Pavlov rang the bell, the dogs drooled. The media directs, we mourn or we scorn -- we rage, we mock, we believe, we vote, we ignore.
At last, at least for a while yesterday, our media circus was forced to notice that there's a world outside the Seminole county Courthouse and took some time out from endless speculation and pointless discussion of the George Zimmerman trial to obsess about the Asiana airliner that landed short in San Fransisco. In fact as of Monday Morning, it's still "Breaking News" long after the wreckage has gone cold and the survivors taken to hospitals or released.
Yes, two people died, as did many others in transportation related incidents over the weekend. 67 people were murdered in Chicago, one of the gun control capitols of our nation. 10 people died horribly when their plane caught fire in Alaska but I didn't hear a thing about it on CNN, nor about the runaway train explosion that killed 5 with 40 still missing.as the maudlin dirge droned and the newsreaders groaned on and on speculating and conjecturing and playing the same interviews and showing the same pictures of a California runway until I gave up and turned it off.
Oh, the humanity.
Yes, people who still read news heard about those other things and more, but I suspect they're in the minority. We get angry, we get upset; we mourn and we get indignant according to what we're given to pay attention to by others who profit by it and through it.
Last Saturday, driving home, I was astonished to see an ocean of flags huge and small on Route 1 as it passes through this tiny burg. Dozens of police motorcycles, black limos, police cars and a hearse followed by hundreds of cars carrying flags; motorcycles with flags down a highway lined with mourners waving flags in the 86 degree heat. The President had a far smaller motorcade when he came through town last year.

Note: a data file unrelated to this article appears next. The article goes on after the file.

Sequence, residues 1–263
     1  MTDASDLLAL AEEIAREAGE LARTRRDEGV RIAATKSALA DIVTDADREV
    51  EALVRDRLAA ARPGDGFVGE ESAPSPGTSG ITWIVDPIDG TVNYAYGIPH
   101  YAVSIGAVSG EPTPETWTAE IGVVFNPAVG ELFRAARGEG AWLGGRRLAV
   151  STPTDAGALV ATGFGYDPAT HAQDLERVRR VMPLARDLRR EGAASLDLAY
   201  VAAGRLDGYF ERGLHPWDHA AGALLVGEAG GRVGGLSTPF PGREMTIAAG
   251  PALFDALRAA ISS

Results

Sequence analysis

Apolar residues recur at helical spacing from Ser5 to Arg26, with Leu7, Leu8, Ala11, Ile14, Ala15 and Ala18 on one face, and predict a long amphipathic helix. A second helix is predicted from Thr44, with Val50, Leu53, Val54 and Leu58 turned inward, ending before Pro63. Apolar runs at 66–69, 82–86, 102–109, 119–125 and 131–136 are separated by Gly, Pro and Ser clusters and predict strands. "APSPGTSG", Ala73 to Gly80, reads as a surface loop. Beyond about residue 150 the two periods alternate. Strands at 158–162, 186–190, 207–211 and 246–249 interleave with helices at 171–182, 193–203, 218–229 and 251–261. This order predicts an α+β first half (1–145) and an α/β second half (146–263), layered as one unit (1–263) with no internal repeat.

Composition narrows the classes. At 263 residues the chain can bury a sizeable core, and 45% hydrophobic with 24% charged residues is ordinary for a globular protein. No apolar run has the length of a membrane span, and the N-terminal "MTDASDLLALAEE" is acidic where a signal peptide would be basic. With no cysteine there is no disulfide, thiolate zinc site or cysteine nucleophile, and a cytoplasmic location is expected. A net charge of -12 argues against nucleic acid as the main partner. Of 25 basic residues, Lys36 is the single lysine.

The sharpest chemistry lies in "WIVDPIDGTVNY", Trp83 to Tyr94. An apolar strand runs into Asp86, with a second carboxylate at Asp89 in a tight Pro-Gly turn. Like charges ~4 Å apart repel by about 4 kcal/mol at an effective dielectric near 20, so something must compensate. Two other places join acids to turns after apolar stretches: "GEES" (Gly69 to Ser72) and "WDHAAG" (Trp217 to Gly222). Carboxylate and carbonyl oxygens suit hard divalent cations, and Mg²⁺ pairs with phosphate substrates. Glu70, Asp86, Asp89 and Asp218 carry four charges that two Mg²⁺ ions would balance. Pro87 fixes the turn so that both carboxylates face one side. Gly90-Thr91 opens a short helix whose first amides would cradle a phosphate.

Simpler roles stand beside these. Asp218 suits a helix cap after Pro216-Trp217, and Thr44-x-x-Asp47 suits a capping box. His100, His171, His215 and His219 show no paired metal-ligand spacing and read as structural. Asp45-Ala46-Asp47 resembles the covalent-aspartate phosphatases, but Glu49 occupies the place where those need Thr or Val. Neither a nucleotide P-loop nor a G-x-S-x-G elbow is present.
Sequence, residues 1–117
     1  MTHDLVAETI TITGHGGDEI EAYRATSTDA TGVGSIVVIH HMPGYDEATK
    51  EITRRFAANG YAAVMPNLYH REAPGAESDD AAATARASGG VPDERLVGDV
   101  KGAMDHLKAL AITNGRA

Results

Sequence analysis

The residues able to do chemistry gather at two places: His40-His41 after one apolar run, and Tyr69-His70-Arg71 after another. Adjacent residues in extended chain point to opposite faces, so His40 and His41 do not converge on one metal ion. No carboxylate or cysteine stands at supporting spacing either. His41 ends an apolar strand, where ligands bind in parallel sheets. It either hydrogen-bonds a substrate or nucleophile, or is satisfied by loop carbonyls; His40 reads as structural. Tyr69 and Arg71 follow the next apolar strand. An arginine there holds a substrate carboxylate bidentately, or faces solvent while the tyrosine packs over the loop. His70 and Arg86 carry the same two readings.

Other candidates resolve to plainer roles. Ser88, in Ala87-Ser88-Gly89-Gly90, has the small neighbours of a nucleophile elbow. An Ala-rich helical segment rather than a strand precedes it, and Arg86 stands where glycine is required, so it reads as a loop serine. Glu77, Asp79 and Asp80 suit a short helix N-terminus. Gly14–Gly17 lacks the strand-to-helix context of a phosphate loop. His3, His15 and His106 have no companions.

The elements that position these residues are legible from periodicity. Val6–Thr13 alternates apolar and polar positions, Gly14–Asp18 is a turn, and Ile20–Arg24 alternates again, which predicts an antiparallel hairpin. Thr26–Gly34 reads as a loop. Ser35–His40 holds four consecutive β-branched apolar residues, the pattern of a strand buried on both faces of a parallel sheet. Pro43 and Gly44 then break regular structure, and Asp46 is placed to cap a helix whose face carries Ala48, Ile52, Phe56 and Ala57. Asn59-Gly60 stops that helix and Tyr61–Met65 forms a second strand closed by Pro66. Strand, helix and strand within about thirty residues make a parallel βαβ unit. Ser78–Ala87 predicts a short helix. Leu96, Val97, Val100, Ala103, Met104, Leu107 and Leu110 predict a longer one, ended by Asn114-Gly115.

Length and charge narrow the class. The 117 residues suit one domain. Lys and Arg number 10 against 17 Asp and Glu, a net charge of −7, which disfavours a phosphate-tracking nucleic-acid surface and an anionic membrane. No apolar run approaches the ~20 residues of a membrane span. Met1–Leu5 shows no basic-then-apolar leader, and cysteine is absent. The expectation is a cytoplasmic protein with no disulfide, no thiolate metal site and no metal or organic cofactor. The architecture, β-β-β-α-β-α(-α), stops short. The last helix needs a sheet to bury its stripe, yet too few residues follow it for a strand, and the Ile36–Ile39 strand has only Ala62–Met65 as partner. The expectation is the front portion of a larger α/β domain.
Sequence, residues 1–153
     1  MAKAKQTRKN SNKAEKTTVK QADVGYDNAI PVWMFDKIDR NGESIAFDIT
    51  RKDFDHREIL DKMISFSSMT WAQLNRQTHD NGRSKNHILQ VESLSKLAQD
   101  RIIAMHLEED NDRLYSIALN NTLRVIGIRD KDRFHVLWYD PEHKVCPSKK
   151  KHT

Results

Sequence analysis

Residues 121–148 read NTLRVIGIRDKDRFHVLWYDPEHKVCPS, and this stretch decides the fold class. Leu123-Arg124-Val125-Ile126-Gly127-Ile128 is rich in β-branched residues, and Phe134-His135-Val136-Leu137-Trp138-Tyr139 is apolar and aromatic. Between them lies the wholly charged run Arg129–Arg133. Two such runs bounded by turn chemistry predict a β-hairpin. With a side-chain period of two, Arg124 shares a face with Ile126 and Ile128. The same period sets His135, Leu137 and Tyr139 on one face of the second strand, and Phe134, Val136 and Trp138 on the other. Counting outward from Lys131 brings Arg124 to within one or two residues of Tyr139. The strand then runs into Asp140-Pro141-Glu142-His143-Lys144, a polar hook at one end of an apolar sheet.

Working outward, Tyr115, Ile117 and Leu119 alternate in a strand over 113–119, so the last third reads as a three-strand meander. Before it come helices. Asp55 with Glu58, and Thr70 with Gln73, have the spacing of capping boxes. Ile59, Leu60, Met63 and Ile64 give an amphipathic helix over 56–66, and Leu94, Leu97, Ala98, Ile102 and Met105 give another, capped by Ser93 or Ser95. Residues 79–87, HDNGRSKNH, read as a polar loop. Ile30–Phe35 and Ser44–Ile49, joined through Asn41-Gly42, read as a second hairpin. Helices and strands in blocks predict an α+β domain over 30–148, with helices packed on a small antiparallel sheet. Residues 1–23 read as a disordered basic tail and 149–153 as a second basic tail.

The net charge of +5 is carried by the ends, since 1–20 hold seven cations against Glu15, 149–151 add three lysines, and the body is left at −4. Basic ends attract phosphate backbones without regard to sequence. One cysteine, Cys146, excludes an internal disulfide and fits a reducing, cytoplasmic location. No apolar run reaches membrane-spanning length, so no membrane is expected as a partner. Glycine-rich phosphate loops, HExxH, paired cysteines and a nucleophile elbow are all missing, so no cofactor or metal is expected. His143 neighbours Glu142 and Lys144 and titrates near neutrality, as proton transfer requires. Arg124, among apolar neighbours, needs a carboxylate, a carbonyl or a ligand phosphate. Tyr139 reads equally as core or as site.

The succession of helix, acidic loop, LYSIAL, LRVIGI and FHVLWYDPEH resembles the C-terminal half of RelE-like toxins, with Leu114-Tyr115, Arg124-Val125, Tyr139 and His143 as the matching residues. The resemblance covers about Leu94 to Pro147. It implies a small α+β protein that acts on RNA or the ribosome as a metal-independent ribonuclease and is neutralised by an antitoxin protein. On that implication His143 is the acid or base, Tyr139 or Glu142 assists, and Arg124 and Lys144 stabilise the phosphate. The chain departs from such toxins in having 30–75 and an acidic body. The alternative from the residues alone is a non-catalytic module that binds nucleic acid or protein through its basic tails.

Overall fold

A local sergeant killed in Afghanistan was being brought home for burial. It's not that many people knew him. It's not that his death was more or less tragic than all the others in all our needless wars. It's not that he was more or less a hero than anyone else in uniform and it's certainly not as though his loss and his family's grief had anything to do with a sacrifice for "our freedom." But that's how it was sold by the papers, or rather by the corporate owners answerable to people who want to promote war and acceptance of war and the glorification of war. All those thousands, all these years, but this, now.
As with all parts of America, friends, neighbors, sons and daughters
have been lost in this longest and most expensive of American wars. For a
long time after we blew Baghdad halfway to hell, the dead were brought home in secret, the media bullied into
not printing or reading lists of the casualties lest we seem to
disapprove of it all, like those hippies in the 70's. but it's not about America mourning the loss of its volunteer soldiers, it's about entertainment, about deluding ourselves that we don't respond to the ringmaster like circus performers -- to the conductor like an orchestra playing this great emotional symphony while the grip tightens on our lives.